Thursday, September 4, 2008

The Science of Sales

I wasn't born in the US - I moved here soon after I turned twenty. I remember the first time I opened the newspaper on one of the big sales days (I think it was the 4th of July weekend, but it's been a while) - and I saw sales on pretty much everything I could possibly imagine wanting over the next year. I felt really lucky to have this opportunity to buy some cool stuff at "unheard of prices," but as a recent immigrant, I didn't have a fat bank account, and I hadn't cottoned onto the American Way of credit card debt (fortunately, I still haven't!). And then the next holiday weekend came around and it was the same story - sales as far as the eye could see. And then the next, and the one after that.

So, why all the sales? That's a two-part question.

Why would anyone have a sale?

Well, obviously sales draw customers, but if people get to expecting a sale every major holiday, won't they just defer their major purchases until the next holiday? Are all the stores insane?

Turns out the answers are yes (for some people - but that isn't a bad thing) and no, the stores aren't insane.

It all comes down to a form of what economists call second degree price discrimination - allowing people with different levels of price sensitivity to self-identify and buy the right "product" for them. The reason I put the word "product" in quotation marks is because the time at which you buy a given product changes the product. For the elite gamer, for example, owning the latest hot game the day it comes out is more valuable than owning the same game several months later. Similarly, some people want to have that new car, TV, patio set today. Waiting three months just isn't worth what they expect to save when it goes on sale. They're going to go and buy it now, unless the sale is around the corner.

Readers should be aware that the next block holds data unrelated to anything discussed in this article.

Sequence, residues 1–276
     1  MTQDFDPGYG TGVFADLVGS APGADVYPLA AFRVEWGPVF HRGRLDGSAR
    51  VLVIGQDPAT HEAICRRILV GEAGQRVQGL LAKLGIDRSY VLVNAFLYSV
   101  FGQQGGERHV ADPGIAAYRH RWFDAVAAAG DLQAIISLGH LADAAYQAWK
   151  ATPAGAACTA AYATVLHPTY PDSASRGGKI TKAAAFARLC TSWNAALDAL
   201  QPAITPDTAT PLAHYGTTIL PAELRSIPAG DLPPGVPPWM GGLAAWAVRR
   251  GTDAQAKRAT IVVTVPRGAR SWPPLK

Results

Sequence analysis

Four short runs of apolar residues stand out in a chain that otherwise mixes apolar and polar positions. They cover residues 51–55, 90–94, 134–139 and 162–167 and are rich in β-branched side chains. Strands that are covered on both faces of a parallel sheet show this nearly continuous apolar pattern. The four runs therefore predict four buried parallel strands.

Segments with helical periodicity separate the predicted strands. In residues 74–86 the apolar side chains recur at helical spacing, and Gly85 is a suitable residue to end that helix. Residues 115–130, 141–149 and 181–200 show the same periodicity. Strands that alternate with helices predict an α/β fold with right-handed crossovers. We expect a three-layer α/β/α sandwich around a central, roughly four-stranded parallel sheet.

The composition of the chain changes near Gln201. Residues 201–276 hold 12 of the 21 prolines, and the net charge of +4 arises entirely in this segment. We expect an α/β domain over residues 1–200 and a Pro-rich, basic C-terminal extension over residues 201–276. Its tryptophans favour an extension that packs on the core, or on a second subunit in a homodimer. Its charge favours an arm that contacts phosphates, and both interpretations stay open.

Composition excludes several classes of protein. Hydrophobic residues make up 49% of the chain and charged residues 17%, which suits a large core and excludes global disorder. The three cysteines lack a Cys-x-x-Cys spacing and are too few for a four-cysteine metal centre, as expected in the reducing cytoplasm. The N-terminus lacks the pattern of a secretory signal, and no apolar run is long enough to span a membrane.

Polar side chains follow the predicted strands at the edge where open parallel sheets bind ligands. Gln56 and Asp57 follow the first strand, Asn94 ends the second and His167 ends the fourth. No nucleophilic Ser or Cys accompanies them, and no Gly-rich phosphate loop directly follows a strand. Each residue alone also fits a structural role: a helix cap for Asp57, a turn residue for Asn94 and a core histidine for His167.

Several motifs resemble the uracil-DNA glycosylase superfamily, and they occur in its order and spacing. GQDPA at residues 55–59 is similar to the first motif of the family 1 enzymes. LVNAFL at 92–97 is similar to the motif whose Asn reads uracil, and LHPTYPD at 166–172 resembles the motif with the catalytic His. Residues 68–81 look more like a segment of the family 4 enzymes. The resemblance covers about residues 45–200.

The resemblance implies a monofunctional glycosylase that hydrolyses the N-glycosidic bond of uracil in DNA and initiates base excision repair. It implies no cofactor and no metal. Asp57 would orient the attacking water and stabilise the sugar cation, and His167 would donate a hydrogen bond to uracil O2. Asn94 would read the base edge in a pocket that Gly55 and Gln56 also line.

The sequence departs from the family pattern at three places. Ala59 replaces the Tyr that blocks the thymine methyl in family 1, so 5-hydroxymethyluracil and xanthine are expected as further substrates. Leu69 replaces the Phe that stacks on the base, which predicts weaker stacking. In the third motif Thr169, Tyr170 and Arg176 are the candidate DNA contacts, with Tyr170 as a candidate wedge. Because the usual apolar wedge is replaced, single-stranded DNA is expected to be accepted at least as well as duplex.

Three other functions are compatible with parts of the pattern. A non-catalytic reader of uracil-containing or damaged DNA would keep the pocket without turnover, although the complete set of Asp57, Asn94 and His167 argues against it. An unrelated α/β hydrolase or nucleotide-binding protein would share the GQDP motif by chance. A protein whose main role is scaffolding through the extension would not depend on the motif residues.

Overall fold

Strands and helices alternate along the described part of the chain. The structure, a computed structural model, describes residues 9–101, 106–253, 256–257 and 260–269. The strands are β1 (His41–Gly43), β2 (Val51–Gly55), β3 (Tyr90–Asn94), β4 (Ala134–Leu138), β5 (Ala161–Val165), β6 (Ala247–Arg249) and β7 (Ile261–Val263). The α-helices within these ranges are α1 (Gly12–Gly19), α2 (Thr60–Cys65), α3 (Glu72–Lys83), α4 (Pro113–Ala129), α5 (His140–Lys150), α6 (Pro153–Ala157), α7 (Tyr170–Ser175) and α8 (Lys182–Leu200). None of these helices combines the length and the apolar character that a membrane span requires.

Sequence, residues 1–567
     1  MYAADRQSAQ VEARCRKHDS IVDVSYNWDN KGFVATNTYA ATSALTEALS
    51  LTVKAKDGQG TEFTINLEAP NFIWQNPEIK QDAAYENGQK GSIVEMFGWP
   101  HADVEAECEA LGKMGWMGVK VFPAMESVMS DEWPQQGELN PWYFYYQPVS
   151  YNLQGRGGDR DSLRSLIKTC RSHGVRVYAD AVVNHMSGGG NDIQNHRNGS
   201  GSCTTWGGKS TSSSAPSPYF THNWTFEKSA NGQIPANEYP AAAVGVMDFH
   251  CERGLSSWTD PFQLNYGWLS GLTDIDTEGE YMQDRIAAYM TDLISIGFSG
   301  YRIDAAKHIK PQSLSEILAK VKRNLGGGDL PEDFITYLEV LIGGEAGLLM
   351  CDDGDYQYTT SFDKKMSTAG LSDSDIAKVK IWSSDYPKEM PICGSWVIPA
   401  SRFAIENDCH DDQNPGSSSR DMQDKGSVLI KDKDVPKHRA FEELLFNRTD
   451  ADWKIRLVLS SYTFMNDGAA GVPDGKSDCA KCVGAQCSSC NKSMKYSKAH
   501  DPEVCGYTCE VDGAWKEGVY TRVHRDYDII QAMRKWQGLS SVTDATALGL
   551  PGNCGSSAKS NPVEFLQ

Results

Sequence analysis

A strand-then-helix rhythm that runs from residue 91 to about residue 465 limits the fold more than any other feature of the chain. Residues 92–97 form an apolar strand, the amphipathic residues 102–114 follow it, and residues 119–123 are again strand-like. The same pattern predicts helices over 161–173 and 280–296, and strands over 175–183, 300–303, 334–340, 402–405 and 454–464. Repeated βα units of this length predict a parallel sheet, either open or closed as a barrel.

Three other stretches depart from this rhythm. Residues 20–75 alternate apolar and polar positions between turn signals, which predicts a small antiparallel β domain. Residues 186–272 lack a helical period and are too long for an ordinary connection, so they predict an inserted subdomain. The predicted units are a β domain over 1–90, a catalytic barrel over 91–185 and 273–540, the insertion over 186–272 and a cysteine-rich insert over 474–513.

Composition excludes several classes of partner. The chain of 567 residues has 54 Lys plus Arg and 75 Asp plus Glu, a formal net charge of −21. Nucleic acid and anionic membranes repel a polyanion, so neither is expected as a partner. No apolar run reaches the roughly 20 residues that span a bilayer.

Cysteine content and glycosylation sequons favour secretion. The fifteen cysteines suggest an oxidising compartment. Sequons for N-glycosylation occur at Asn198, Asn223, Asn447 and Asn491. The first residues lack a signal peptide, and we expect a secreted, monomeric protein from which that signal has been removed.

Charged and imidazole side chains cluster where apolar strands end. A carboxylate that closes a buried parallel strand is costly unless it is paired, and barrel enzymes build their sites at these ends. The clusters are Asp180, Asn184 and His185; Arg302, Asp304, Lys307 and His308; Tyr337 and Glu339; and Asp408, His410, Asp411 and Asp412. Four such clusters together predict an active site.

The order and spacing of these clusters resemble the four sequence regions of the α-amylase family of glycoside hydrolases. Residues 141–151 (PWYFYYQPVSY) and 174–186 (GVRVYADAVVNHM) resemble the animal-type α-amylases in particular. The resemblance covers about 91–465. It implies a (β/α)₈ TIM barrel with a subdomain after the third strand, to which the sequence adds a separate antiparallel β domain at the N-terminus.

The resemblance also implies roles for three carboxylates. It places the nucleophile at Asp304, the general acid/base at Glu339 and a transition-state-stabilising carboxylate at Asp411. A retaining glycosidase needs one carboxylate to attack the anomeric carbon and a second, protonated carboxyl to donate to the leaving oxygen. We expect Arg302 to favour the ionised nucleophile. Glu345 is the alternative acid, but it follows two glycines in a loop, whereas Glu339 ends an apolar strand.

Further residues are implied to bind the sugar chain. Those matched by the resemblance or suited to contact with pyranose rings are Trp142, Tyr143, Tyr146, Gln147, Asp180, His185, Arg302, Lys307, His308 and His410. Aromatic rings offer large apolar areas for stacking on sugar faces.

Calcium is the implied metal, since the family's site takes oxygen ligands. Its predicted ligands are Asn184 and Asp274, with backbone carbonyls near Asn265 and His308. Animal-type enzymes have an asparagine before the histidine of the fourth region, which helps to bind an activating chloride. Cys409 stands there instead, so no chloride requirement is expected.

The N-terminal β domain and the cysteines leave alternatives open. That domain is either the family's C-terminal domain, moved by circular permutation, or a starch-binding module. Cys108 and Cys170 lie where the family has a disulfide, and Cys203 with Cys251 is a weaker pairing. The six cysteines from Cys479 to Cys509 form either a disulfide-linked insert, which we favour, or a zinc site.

Other people really do want to pay the best price they can for something and they can (and don't mind) waiting to get it. So, they wait for the sales and battle the crowds of like-minded individuals to get that new wide-screen TV, while the less price sensitive people get to sit out the rush and relax on the patio with a cool drink. Or something like that. The ability to relax on the patio while everyone else is out shopping is one of the benefits the less price sensitive people get in return for the higher price they paid for the same product - and they value it more than the people who waited for the sale.

Why does everyone have a sale?

Because if they didn't, they'd lose out on the price sensitive customers (assuming at least one competing store does have a predictable holiday sale), and they don't want that to happen. Would everyone be better off if nobody had a sale? Possibly, depending on the demand curve for the product your store sells. But that isn't what game theorists call a Nash Equilibrium - in other words, even if everyone did best in a world with no sales, in that state any store could increase their profits by having a holiday sale. Turns out that if at least one competing store is having a sale, you'd do better by having a sale than not having a sale (since you'd get some of the price sensitive shoppers instead of none). So, under no condition can you do better than having a sale. Hence the rash of sales.

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